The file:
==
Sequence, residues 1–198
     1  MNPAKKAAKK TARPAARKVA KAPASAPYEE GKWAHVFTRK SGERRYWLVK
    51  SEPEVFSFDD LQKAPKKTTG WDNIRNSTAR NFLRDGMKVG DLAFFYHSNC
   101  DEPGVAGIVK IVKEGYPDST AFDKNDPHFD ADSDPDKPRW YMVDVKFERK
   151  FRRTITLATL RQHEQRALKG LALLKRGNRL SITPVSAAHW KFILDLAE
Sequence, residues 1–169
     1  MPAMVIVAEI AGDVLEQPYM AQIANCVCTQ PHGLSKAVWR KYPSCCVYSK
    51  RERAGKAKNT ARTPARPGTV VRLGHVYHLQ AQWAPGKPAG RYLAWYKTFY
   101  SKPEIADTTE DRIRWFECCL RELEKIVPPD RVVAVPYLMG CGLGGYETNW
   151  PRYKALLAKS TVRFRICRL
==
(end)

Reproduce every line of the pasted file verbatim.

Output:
Sequence, residues 1–198
     1  MNPAKKAAKK TARPAARKVA KAPASAPYEE GKWAHVFTRK SGERRYWLVK
    51  SEPEVFSFDD LQKAPKKTTG WDNIRNSTAR NFLRDGMKVG DLAFFYHSNC
   101  DEPGVAGIVK IVKEGYPDST AFDKNDPHFD ADSDPDKPRW YMVDVKFERK
   151  FRRTITLATL RQHEQRALKG LALLKRGNRL SITPVSAAHW KFILDLAE
Sequence, residues 1–169
     1  MPAMVIVAEI AGDVLEQPYM AQIANCVCTQ PHGLSKAVWR KYPSCCVYSK
    51  RERAGKAKNT ARTPARPGTV VRLGHVYHLQ AQWAPGKPAG RYLAWYKTFY
   101  SKPEIADTTE DRIRWFECCL RELEKIVPPD RVVAVPYLMG CGLGGYETNW
   151  PRYKALLAKS TVRFRICRL